older and more primary than modern religious concerns. The post-secular psyche says boldly: I want to experience the reality of God, before I can believe in it. I cannot be content with hearsay and scripture; a religion of the Word is not enough, I want more.
The bursting forth of the subjective spiritual hunger comes as a rude shock to tradition. Suddenly, it seems that the laity expect the church to understand the inner life, to companion people on the spiritual way, and provide psychological support and a therapeutic environment. The typical postmodern person sees faith as a journey, involving a few stages of doubt, questioning and exploration, and tradition is not prepared for this. In the past, faith was a package deal and not a journey customised to suit individual temperament and personalities. Some clergy would prefer it if the lid were re-fastened upon the Pandora’s box of the unconscious. Why all this restless striving? Traditionalists argue that the truth has already been revealed, and everything is already clear. Truth is apparent in scriptures, rituals, practices and creeds. People simply need to practice them more fervently and study them more closely. Why do they wish to depart from what tradition has already made plain?
These very questions point to the gulf that exists between tradition and society. A theologian once wrote to me, questioning my interest in the interior life and in the little scraps of truth that we pick up from dreams, hunches, intuitions.
Why [he said] do we have to mess around in the psyche, in the dirty work of personal experience, when the great and abiding truths have already been worked out for us by religion and dogma? Why play in the sand like children, when we can already accept the completed and final work of revelation? (personal communication).
Here is where tradition and society speak different languages, and why the churches and ‘spirituality’ do not understand each other. Bernard Lonergan, however, seems to understand the spiritual need of our time, when he writes: The fruit of the truth must grow and mature on the tree of the subject, before it can be plucked and placed in the absolute realm. (Lonergan 1968: 3).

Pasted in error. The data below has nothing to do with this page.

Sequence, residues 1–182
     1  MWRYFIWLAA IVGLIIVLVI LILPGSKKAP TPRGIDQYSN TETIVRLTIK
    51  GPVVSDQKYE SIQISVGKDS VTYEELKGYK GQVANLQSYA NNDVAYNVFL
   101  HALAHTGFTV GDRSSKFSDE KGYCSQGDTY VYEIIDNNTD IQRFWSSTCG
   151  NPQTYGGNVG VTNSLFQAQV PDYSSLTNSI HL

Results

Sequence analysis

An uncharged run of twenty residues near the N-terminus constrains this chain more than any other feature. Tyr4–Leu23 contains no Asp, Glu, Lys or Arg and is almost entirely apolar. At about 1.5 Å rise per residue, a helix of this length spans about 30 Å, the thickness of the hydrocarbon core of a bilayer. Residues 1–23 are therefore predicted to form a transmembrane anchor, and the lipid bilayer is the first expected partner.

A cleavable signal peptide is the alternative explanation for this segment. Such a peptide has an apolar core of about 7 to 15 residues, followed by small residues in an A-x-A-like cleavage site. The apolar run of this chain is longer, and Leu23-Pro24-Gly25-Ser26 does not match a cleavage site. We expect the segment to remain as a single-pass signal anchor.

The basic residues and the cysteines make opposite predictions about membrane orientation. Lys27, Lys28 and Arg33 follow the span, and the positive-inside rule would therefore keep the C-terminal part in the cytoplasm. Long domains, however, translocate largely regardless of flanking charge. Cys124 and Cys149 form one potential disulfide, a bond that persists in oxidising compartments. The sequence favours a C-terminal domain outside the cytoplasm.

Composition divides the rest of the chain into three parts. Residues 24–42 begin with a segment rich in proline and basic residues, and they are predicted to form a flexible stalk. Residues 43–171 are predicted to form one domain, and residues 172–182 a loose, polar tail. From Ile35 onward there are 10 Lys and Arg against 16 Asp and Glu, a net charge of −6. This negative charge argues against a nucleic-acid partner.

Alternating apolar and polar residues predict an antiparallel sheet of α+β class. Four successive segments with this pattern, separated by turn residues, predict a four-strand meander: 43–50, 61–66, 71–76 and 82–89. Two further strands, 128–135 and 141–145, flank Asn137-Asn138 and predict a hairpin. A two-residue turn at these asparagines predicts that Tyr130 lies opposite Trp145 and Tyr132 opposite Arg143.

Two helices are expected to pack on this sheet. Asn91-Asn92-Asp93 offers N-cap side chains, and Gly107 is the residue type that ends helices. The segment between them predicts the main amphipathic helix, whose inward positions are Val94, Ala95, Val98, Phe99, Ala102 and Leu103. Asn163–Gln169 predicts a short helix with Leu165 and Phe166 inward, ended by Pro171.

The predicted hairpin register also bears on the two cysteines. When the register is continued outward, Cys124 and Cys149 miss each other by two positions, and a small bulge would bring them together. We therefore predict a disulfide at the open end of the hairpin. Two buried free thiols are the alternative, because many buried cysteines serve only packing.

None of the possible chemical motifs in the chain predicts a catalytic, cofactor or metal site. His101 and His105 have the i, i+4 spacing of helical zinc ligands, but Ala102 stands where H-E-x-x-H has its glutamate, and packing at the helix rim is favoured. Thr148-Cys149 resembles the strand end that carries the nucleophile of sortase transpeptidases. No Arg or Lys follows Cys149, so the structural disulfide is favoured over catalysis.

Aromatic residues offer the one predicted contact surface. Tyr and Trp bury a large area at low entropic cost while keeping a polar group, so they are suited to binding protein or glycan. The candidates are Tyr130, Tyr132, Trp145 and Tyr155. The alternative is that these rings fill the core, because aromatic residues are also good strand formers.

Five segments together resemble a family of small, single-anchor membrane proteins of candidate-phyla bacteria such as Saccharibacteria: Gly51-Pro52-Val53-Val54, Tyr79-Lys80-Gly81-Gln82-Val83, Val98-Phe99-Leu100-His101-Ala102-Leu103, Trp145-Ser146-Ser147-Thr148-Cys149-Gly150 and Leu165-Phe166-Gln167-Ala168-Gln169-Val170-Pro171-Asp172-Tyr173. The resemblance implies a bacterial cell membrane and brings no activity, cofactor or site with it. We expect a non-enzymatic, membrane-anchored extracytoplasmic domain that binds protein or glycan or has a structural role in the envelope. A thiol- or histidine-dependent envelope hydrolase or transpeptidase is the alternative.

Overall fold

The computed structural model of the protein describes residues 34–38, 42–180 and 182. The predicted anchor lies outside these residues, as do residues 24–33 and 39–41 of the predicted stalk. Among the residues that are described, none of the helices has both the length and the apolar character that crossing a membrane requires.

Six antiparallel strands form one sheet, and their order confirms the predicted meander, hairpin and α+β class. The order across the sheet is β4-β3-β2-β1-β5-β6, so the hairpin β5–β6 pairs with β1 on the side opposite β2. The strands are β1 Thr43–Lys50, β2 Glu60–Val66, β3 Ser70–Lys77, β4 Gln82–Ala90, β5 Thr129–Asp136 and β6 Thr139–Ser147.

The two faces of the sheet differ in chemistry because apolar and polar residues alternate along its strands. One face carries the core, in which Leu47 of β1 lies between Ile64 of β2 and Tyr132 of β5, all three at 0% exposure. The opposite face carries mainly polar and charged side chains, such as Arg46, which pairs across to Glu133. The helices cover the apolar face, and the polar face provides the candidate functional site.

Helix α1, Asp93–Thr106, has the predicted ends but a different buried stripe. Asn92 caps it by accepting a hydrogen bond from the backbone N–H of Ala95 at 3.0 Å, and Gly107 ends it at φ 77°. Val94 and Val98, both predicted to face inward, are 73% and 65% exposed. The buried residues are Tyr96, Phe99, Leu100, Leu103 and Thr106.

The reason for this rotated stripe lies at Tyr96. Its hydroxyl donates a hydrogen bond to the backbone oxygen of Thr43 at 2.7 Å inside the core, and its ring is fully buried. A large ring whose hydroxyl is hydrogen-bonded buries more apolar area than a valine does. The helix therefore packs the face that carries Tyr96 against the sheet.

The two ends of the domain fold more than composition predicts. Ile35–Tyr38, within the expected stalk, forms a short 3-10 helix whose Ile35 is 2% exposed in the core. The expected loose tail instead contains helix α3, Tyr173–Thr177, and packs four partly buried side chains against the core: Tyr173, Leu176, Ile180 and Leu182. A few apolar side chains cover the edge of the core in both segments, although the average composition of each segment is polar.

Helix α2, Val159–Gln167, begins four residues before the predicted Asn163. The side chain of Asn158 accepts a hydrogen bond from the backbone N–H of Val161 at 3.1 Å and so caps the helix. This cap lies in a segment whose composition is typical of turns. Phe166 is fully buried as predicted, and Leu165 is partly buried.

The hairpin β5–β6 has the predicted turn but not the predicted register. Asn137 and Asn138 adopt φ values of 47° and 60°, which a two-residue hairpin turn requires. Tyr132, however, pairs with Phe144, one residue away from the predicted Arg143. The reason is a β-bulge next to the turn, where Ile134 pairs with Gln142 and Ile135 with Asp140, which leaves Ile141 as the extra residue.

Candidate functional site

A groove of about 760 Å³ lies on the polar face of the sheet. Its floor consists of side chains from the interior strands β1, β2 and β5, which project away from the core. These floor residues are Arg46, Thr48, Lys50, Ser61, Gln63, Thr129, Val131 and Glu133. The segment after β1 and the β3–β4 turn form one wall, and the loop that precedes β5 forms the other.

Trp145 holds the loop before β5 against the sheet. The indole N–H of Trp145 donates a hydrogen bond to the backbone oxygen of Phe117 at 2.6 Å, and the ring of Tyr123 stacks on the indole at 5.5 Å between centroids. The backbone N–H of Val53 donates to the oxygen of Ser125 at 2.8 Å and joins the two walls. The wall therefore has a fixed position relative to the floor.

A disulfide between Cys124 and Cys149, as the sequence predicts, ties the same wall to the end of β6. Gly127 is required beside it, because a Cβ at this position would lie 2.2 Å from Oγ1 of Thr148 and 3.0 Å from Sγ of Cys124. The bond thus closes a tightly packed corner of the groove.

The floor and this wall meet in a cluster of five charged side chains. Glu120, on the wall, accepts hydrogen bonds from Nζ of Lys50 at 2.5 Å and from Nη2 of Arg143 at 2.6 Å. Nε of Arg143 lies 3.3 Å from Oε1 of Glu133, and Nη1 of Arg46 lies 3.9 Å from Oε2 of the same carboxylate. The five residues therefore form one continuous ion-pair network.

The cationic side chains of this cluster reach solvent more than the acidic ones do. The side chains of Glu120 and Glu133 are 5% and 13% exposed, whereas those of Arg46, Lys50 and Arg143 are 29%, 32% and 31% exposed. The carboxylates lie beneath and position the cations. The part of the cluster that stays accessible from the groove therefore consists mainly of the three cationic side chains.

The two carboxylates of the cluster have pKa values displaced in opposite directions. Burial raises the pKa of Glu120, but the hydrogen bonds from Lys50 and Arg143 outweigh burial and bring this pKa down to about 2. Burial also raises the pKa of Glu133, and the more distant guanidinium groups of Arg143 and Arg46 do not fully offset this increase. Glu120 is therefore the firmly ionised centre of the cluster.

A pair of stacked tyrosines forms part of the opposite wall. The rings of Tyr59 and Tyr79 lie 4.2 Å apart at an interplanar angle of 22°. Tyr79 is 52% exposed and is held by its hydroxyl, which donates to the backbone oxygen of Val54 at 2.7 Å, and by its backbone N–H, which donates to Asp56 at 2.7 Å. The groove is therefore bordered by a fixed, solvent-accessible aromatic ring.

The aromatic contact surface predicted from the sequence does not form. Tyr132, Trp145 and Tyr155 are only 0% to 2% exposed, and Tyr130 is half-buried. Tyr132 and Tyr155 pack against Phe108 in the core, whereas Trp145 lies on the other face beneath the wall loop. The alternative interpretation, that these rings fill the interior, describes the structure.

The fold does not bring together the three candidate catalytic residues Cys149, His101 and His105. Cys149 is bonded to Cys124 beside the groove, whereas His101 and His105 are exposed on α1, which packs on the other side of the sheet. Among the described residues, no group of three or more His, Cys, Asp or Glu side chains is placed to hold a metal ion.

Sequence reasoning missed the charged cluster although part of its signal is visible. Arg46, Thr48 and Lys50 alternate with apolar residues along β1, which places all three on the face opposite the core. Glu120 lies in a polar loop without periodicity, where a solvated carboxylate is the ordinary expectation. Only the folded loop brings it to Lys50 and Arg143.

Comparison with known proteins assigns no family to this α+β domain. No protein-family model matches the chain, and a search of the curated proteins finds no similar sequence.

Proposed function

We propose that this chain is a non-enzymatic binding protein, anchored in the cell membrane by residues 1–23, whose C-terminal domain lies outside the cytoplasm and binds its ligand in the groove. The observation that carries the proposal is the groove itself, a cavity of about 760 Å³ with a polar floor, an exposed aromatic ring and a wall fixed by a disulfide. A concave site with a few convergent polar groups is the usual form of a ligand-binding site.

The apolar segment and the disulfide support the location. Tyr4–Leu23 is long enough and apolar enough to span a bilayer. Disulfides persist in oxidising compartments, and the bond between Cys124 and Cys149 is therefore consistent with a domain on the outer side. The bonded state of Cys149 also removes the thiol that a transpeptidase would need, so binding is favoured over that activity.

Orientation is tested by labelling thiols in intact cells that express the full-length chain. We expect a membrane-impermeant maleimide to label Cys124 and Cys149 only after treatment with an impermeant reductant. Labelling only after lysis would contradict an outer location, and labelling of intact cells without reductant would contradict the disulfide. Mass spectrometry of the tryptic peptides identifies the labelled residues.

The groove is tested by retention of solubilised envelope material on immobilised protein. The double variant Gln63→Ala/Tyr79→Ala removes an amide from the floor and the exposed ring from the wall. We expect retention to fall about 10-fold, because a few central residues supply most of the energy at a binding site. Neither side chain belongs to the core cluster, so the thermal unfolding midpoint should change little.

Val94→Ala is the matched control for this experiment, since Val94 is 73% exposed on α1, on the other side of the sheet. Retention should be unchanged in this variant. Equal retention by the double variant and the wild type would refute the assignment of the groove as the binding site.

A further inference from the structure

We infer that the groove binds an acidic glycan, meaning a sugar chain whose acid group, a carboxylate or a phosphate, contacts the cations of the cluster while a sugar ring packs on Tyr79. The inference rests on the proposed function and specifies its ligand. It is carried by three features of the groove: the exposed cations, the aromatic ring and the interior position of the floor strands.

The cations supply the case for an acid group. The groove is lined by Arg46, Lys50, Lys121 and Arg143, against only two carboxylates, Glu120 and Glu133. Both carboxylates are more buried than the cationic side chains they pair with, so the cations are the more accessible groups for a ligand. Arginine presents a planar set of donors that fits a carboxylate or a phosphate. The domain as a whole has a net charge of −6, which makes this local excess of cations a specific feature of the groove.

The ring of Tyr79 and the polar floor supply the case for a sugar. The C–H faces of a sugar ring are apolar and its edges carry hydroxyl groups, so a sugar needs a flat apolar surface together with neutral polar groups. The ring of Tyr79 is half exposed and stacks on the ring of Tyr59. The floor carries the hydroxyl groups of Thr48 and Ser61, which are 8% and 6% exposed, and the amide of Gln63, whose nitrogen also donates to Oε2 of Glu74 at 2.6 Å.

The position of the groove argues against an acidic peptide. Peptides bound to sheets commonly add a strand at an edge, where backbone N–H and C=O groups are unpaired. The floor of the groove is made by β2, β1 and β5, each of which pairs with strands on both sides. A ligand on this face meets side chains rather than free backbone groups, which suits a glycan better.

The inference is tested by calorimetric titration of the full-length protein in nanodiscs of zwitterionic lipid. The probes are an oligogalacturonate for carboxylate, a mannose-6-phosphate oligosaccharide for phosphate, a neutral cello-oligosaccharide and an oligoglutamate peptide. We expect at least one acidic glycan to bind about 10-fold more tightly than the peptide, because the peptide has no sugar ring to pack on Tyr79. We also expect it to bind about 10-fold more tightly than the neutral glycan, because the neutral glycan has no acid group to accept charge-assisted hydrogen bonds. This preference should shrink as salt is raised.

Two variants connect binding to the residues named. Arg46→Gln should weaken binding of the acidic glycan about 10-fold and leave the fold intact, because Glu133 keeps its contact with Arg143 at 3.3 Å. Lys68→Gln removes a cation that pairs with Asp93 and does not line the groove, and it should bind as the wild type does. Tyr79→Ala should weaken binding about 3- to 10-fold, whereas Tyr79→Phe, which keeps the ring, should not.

A few years earlier, Jung was thinking along similar lines: The advocates of Christianity squander their energies in the mere preservation of what has come down to them, with no thought of building on to their house and making it roomier. Stagnation in these matters is threatened in the long run with a lethal end. Jung, come down to them, with no thought of building on to their house and making it roomier.
Stagnation in these matters is threatened in the long run with a lethal end. Jung, Aion: Researches into the Phenomenology of the Self, CW 9, part 2, 1951. para170.
No matter how great the religious system is, no matter how noble its truths or authentic its wisdom, unless a ‘connection’ is made with experience, it does not have existential purchase on the soul, and thus is not valued by the person.
Jung summarises the predicament for faith when he says: Faith … has to be empirically real if it is not to lose all significance. Only that which acts upon me do I recognize as real and actual. But that which does not act upon me might as well not exist. (Jung 1950, ‘Answer to Job’: 757)
Almost echoing these views, a student of mine wrote: I trust my own experience above all else. I cannot trust outside authorities, which might be right or wrong, but I cannot afford to believe in them in case they are wrong, or right in theory but corrupt in practice. For instance, the parish priest of my childhood is now in gaol for sexual offences. Religious authorities can no longer be trusted, and in my view, if I have not experienced something, I cannot be sure about it. (Carrie, 18, 2003)
This might seem a drastic philosophy, and in the past such views might have been regarded as immature, self-obsessed or autistic. But today such views are common, and we can see how the collapse of trust in institutions has given impetus to the turn within.
We are seeing the impact of scientific ideas and education on the realm of beliefs, values and truth. We appear to be applying the strategies and methods of science to beliefs and religious issues. We are saying that we don’t want to accept anything at face value, we don’t want to believe what tradition has upheld, but we want to find out for ourselves. There is a kind of scientific method in our ‘madness’. It may not be an exact science, it may look arbitrary and random to outsiders, but it does have its own internal logic. It is a ‘good enough’ science, in the sense that once we make landfall on the sacred in our experience, we are able to
go forward with confidence and surety. The spiritual journey is then based on something real and this is a time-honoured reflective science.
David Tacey: The Return of Interiority to Western Religion – 4/11/08